Sir Kenneth Murray leaves millions in will
An Edinburgh professor who developed a vaccine against hepatitis B has left millions of pounds to a trust he set up for young biologists.
Molecular biologist Sir Kenneth Murray, who died last April at the age of 82, left £13,333,058 in his will.
His estate includes his home in Mortonhall Road, Edinburgh, the land he owned, worth £1,850,000, and a property in London worth £950,000.
Sir Kenneth co-founded Biogen, one of the first biotechnology companies.
Papers from Glasgow Sheriff Court revealed that the Edinburgh University professor left more than £9m to the Darwin Trust of Edinburgh, a charity he set up that supports young biologists in their doctoral studies.
He also bequeathed £2m to the Royal Society - a fellowship of many of the world's most distinguished scientists drawn from all areas of science, engineering, and medicine.
He left £200,00 to Edinburgh University and £100,000 each to Dundee and St Andrews universities.
The same amount will go to the University of Manchester and University of Sheffield for research in biological sciences, including scholarships for PhD students.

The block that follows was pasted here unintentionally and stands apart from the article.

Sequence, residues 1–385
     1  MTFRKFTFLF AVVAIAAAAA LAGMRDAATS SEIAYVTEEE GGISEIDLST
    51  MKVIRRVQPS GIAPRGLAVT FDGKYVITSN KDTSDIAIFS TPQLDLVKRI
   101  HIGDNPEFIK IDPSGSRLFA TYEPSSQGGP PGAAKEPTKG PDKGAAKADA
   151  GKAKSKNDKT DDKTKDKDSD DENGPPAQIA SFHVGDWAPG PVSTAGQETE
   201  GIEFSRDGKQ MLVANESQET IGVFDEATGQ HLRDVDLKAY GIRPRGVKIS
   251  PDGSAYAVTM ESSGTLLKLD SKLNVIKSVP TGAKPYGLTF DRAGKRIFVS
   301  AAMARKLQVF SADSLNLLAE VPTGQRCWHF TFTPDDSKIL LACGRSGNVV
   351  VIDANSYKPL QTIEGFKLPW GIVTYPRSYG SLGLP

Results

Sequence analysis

Sir Kenneth, who was born in Yorkshire and grew up in the Midlands, also specified that a total of £3,435,000 was to be paid out to various people and charities.
The court papers showed that he left more than £565,140 worth of items, including paintings in his home.
He also had a number of insurance policies and bank accounts.
Sir Kenneth was also the sole executor of his wife Noreen's estate. She was a former Edinburgh University molecular geneticist who died of motor neurone disease in 2011, leaving more than £9m.
After her assets were dealt with according to her wishes, and beneficiaries given their inheritance, the rest of the money formed part of her husband's estate.
After funeral costs were paid the professor left £285,000 to members of his family and former lab assistant and personal assistant.
Sir Kenneth joined the University of Edinburgh in 1967 at what was then the only department of molecular biology in the country and went on to become Biogen Professor of Molecular Biology in 1984.
He found a way to identify the hepatitis B virus and then produced a vaccine.
By 1978, he and his colleagues had created the vaccine and later proved that it was effective in treating hepatitis.
He was involved in the establishment of Biogen, which commercially developed the vaccine for use. It is now used around the world.
Sir Murray continued his molecular biology research activity at Edinburgh for many years.
Following his retirement in 1998, he continued to come to the laboratory every day, leading further scientific endeavours.